Today I Am Grateful For…

A husband who loves me immeasurably and would do anything for his family and our happiness.

A son who is constantly growing and developing and encouraging me to do the same.

Another healthy baby on the way who is bound to change our lives as much as Aiden did in new, exciting, and challenging ways.

The ability to splurge on loved ones at Christmas time.

A lovely and warm home that defines comfort in chaotic times.

Two stable and good jobs in this tough economy.

Consistent health for me and my family.

Two cars that are nearly paid off and run well.

Tons of good food cooked by someone other than me ;)

The diligence, accountability and encouragement I receive to write regularly, both for my own benefit and for others’.

The habit of reading a new book every month.

A kitty that keeps my feet warm and always loves to play.

Family that visits me when we don’t have enough in the budget for travel.

Compliments from my son every night as I sing him to sleep and he strokes my face.

Old friendships that have stood the test of time, distance, and struggles.

The development of new friendships that are proving to be indispensable parts of my life as a young, working mother.

Private childcare from ladies who love my son and train him as one of their own.

The extraordinary luxury of technology (iPhones, the internet, Facebook, Netflix, etc.) that allows us to stay connected to distant and nearby loved ones.

The freedom, thanks to the sacrifices of so many others, to experience all of these things in such abundance!

The truth is, we should all be grateful every day of our lives for our extraordinary blessings, liberties, and abundances. Some of us are better at living a life of gratitude than others, but today is a wonderful reminder to all of us to stop, remember, and appreciate all that we have. Hopefully the effects of such a reminder will linger long through the holidays and into next year. And as we are tempted to grumble or complain or let cynicism get the better of us, we will direct our thoughts in a more positive and grateful direction, recalling these lists that we all tend to create on Thanksgiving or New Years and pledging to live more consistently by them.

I wanted to leave you today with a somewhat non-traditional Thanksgiving recipe. With a house full of family and friends, many of us are so focused on the BIG meal that we often forget that all these beloved bellies need breakfast too. And no one wants to present their family, who came from near and far, with boxes of cereal and a carton of milk. So here’s my easy and delectable breakfast recipe that’s sure to impress:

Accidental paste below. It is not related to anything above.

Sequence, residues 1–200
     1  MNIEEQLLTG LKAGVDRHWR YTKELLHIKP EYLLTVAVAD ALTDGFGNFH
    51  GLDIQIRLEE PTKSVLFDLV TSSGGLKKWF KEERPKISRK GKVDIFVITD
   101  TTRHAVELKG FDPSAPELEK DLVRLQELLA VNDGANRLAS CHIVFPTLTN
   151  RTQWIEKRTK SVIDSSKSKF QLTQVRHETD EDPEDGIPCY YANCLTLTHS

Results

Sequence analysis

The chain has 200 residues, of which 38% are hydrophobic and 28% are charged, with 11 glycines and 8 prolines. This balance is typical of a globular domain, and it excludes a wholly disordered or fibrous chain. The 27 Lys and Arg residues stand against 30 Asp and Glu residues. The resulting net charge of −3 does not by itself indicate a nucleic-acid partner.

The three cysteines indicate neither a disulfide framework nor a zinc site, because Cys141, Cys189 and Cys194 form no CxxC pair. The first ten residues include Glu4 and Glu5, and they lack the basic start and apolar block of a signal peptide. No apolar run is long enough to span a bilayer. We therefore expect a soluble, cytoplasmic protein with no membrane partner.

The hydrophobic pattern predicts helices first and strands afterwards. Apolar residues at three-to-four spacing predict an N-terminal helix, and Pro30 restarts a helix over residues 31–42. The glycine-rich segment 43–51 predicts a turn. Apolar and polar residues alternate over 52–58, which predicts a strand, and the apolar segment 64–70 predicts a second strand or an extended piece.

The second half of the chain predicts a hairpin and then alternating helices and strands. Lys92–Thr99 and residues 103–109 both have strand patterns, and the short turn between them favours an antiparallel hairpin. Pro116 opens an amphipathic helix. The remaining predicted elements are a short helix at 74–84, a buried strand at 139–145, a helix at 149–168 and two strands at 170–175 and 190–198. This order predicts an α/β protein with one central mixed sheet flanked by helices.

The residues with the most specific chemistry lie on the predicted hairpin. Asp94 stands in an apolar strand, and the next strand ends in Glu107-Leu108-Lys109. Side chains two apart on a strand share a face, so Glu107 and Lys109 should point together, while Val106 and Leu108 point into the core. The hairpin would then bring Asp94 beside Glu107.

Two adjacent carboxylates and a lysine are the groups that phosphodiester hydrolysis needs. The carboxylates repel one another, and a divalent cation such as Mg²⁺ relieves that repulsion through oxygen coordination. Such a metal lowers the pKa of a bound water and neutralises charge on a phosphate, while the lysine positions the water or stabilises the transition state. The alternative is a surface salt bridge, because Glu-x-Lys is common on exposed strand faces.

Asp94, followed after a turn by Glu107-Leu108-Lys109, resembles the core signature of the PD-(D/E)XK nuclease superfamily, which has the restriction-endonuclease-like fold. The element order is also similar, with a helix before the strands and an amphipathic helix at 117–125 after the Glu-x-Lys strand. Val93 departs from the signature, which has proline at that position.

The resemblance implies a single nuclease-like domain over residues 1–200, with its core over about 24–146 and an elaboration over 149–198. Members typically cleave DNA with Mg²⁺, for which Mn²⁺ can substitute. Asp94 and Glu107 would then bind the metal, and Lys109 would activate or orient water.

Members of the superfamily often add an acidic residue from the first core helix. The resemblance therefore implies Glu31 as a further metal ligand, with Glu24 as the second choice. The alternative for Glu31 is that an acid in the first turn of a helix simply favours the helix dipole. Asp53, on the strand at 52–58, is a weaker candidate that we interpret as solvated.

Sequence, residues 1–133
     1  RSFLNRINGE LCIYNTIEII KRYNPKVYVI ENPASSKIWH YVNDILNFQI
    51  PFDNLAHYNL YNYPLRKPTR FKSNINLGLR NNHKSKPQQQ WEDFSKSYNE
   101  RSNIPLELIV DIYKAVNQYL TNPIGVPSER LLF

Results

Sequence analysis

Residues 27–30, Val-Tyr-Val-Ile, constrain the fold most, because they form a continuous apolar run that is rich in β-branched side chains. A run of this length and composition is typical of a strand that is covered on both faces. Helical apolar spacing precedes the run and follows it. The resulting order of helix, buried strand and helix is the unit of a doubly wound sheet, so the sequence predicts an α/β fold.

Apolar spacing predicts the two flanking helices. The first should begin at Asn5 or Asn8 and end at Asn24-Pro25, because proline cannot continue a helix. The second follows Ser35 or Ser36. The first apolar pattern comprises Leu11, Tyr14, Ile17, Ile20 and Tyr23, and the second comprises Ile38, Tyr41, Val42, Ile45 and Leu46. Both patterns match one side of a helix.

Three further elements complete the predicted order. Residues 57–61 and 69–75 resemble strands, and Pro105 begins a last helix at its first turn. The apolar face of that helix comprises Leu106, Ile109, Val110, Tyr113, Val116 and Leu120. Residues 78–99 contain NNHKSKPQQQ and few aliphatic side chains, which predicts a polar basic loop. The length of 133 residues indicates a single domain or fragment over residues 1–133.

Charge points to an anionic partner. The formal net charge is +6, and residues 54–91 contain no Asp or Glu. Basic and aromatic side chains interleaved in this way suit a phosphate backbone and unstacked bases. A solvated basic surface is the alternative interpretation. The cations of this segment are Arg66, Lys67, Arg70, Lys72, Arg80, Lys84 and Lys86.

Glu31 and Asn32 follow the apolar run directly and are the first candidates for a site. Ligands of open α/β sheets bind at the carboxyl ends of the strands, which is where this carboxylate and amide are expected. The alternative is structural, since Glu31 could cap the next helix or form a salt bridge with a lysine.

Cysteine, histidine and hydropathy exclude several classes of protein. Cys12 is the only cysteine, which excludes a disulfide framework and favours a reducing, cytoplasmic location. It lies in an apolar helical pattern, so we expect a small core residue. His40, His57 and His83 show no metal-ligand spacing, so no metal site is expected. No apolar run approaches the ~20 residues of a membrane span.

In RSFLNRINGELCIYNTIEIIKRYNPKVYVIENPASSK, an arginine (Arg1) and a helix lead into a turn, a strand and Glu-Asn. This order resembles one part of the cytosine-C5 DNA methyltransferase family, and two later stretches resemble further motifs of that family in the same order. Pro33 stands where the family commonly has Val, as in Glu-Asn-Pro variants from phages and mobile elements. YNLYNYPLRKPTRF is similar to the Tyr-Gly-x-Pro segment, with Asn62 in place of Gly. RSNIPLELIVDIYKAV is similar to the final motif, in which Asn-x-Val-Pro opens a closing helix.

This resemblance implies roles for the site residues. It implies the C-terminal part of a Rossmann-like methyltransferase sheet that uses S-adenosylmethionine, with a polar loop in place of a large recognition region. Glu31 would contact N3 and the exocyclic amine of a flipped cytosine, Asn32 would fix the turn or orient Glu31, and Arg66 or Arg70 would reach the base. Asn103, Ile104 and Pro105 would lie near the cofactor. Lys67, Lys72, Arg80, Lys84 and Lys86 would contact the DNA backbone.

French Toast Sticks:

In a bowl mix:
3 eggs (or substitute)
Milk to thin
Cinnamon, Nutmeg, and a touch of Vanilla
Whisk till well blended.

In a second bowl mix:
1 Tbsp Cinnamon
1 Tbsp Brown Sugar
3 Tbsp of White Sugar
3 Tbsp of Flour (or more as needed)

Cut the crusts off of approximately 1/2 a loaf of wheat bread and cut each slice in half. In a large skillet, heat 1/4 inch of oil. Dip each strip of bread in the first mixture and coat well with the second mixture. Fry evenly on both sides and pat dry with paper towels. Serve with a sprinkle of powdered sugar, maple syrup, and whipped cream. Voila!

Happy Thanksgiving, everyone! May your day be blessed and full of happiness!

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Finding the Perfect Gifts for Manly Men

Being someone who very much appreciates a thoughtful and personal gift, one that I know the giver bought out of a sense of love and connection, I put a great deal of pressure on myself to find these types of gifts for others. Especially for those I most care about. I want to find something that doesn’t just say, “I had to get you a gift, so here’s something kind of nice,” but rather, “I’ve been thinking and brainstorming for months to come up with something that I thought would be special to you and here’s what I’ve discovered.” This is why, for many of my holiday gifts, I opt for homemade. Because it is as much about the thought, preparation, and time investment as it is about the thing given. But for my Hubby, I ruminate for ages trying to come up with unique ideas that will speak to him –  things he will enjoy and not just end up as one more item gathering dust in a closet. This year I find myself a bit stumped. The trouble with Jonathan is that his most passionate interests are very specialized and VERY expensive. They are things I could not buy for him even if I could afford them because I don’t know enough about them to get the right thing. And yet they are the things he most wants. So half the time I feel like I ought to just give him the money to go buy his own gifts. But everything about that seems wrong to me. Contrary to the idea and purpose of thoughtful gift giving. So I brainstorm and search and ponder. This year’s searching has left me feeling… baffled. If you Google or Amazon search “gift ideas for men,” you get the most incredibly long list of complete crap.  Most of it associated with smoking, drinking, golf, and dirty, fifth-grade humor. Is this how our society views men? As juvenile, lazy partiers? (You can see this sentiment echoed in many popular sitcoms, where the male is the buffoon, the comic relief, the dufus, always in need of the woman to fix his blunders. What a shame. But this is an entirely separate blog post for a later date.)

All of these "gift ideas for men" were in the top 15 when I ran a search by that name in Amazon!

I don’t know about you all, but my man is worth far more than these types of kitschy, generalized assumptions about ignorant men. And I want him to know it when I hand him his gifts. So while trying to find other sources of inspiration, I decided to email the author of a blog that he follows and admires called The Art of Manlinesswhich reminds men that, even in today’s hyper-sensitive, feminist society, it is OK to be strong and manly and virtuous. I told him in my email that my husband was inspired by what he wrote to be a better man and that I, as well as many of his readers, might appreciate some manly suggestions for gifts this holiday season. He responded the same day with some thoughts and ideas as well as links to the gift lists he published for the last three years. It was very helpful and, I am happy to say, I think I have solved my quandary for my man’s presents this year. Since I appreciated his help so much, I decided to send his suggestions on to you. Hopefully you will find them as helpful as I did.